What I know today is that on most days, I am comfortable in my own skin and recognize that joy, contentment, and happiness are states of being that takes practice. But most things do, really. We never really arrive or are done learning; even when we achieve goals, we always have more, and when chapters end, we’re faced with new chapters or maybe even new books. Embracing the process and the journey, that’s the key.

We get to write our own story, and what we believe and perceive is just as important as what others believe and perceive, but we owe it to all the people in our lives to try to understand perspective different than our own if we want to understand others and have them understand us. Gratitude breeds compassion.

Brene-Brown-Connection-e1349656966362I believe that cultivating connections with other important people in our lives takes courage and vulnerability, which is not always easy. It can mean uncomfortable situations, but what I know is that fear of being open and vulnerable with people is much worse emotionally and mentally than the act of vulnerability. I am especially grateful for some incredibly awesome, compassionate, and courageous people in my life who support me and love me for all of my strengths and weaknesses. Connections with people are important because these relationships can act as mirrors and help us see things we can’t all by ourselves. These reciprocal, mutually beneficial relationships are key, and they take nurturing and self-care just as we must nurture and care for ourselves. This work take practice and time and it doesn’t happen overnight. It happens slowly and steadily as you make a conscious commitment to yourself and to the people in your life. It also takes reflection and deliberateness.


Wholehearted Living


I find the following Guideposts for Wholehearted Living  to be incredibly helpful in living an inspiring, meaningful life. What I know is that we’re all in this together. Interesting that in order to cultivate things in our own lives, we must be willing to let go of certain things. No wonder the song “Let It Go” from Frozen resonates so much with me.

Slowly and surely with commitment and practice, we look up one day and realize we’re doing things differently, more deliberately, and more consistently. And then you just turn around and do it all again the next day being flexible and adaptable. There is no real end or destination, there’s the journey and the commitment to practice.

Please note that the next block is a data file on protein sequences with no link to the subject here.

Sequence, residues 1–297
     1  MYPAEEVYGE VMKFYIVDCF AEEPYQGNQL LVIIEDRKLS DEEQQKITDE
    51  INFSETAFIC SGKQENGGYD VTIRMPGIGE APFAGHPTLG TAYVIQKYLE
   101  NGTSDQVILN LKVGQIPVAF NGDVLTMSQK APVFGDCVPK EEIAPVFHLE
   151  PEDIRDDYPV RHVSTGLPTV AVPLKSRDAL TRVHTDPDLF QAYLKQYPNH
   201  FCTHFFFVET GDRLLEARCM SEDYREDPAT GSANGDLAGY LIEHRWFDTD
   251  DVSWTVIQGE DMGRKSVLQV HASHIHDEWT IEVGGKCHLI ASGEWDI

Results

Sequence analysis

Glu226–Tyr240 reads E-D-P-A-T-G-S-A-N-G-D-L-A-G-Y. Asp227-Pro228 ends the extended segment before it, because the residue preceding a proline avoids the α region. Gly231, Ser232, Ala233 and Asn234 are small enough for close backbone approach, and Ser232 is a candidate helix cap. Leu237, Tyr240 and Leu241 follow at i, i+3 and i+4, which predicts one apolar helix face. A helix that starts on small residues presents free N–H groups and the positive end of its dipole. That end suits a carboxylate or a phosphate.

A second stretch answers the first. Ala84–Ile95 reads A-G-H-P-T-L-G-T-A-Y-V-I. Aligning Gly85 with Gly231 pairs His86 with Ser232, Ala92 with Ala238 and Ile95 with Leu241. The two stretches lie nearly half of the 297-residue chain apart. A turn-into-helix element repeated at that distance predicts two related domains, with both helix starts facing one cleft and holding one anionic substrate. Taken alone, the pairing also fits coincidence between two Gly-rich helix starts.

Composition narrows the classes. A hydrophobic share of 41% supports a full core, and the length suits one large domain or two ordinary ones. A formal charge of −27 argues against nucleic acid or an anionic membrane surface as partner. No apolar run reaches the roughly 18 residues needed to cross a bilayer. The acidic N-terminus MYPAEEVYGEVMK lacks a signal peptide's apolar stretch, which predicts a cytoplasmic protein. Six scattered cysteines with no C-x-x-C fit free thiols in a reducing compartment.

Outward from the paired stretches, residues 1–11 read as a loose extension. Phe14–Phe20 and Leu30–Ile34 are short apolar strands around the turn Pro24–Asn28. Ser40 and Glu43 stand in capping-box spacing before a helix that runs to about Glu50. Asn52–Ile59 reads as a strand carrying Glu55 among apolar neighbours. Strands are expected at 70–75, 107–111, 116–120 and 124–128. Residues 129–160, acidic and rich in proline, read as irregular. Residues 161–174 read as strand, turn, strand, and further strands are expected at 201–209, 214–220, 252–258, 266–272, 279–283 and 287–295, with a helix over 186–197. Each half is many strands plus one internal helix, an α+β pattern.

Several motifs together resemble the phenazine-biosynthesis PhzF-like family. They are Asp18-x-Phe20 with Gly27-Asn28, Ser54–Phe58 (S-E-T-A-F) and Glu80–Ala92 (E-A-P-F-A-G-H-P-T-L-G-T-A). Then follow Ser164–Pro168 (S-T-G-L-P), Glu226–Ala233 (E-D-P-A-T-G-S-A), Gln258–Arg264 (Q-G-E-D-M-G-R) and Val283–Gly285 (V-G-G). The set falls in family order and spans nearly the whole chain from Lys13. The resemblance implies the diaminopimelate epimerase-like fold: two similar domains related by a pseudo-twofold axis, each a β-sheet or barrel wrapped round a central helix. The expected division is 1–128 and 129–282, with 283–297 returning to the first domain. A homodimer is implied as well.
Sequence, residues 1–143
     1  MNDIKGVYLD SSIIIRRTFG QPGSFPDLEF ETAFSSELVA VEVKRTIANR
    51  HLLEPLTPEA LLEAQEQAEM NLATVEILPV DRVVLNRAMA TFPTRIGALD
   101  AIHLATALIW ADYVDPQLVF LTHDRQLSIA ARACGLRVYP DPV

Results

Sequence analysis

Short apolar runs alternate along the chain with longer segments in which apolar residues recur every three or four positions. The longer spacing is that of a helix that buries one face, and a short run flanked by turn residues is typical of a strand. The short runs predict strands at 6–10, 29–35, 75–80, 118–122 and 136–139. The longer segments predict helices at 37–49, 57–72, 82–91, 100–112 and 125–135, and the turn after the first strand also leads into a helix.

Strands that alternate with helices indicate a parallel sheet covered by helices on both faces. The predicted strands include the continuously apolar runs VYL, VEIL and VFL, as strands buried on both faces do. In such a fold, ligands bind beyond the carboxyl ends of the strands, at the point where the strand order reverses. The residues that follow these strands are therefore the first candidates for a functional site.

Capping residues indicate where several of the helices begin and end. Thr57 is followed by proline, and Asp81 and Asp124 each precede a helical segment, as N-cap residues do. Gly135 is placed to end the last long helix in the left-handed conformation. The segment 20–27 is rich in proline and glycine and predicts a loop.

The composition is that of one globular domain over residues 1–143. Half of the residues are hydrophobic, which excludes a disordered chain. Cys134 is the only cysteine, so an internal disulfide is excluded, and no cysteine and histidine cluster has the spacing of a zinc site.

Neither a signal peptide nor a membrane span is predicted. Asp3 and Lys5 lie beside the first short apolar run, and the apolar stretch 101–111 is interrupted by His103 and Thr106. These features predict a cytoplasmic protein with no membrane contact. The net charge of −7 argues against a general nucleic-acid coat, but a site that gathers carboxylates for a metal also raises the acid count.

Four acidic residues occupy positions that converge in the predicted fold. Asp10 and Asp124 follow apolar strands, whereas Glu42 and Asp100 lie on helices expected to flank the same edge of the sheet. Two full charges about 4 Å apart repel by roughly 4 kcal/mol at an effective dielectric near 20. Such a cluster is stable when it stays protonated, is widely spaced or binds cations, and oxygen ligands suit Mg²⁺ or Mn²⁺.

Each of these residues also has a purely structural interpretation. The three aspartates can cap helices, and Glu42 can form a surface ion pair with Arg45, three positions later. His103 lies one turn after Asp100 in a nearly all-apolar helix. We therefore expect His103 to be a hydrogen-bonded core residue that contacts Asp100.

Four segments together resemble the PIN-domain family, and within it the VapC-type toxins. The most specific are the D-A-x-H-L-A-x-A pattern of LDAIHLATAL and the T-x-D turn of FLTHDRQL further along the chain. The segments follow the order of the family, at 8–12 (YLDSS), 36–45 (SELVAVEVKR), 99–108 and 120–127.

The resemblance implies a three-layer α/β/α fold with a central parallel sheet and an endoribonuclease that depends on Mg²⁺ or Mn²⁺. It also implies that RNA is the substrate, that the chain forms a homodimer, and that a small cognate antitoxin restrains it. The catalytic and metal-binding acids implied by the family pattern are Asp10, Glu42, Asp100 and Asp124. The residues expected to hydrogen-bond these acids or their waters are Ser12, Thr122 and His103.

I’m incredibly grateful and blessed to have so many people in my life that help me be my best. My birthday wish is to continue to cultivate and nurture connections with people that help bring out the best in me. I’m hoping to have plenty along for the journey.

Day by Day=90 days!

A dear friend posted this over the weekend, and it reminded me how important the day to day choices and decisions we make can add up to produce amazing results in life. Day in and day out, we go through our routines, and then something happens or you have an experience where you’re reminded that things are different in an amazing, awesome way. Like you when you set out to write a blog for 90 days and day by day you enter entries, and then you look back and realize just how much a part of your life sharing has become.

Yea, that!


Isn't it funny how day by day nothing changes but when you look back everything is different.


I addressed the graduate students on Saturday at their one-day conference, and I used this quote as a way to inspire them to transgress, take risks, and take advantage of the opportunities presented to them.

“The academy is not paradise. But learning is a place where paradise can be created. The classroom with all its limitations remains a location of possibility. In that field of possibility we have the opportunity to labour for freedom, to demand of ourselves and our comrades, an openness of mind and heart that allows us to face reality even as we collectively imagine ways to move beyond boundaries, to transgress. This is education as the practice of freedom.” (hooks 1994: 207)

Extroverts & Introverts

In case you were wondering, I’m an extrovert, and every time I look around, there’s an article about how to care for introverts or extroverts or signs you’re one or the other. The following are just two examples.

An Open Letter from Introverts.

7 Things Extroverts Want You To Know

The following care guides have been shared across the interwebz for the last several years. Like any binary, we have to be careful since moods and stress affect how and when we want to interact with people, our work, our routines, etc. All of my friends and family  and their unique personalities complement my life in numerous ways, but lately, I’ve recognized and owned my need to talk things out and write thing out, and I’m especially lucky to have friends/colleagues who will listen, read, and offer feedback.

Caring for Extroverts and Introverts

Feelings & Emotions

I find it easier to deal with things going on in my life if I can identify how I am feeling about that. I think this represents living rather than going through the motions. I have had very specific reactions to certain feelings, but I’ve learned that if I stop to think and reflect in the moment what I am actually feeling, I can sometimes purposely act (rather than react) which usually makes any situation or encounter better for all involved.  I believe this may be the definition of coping.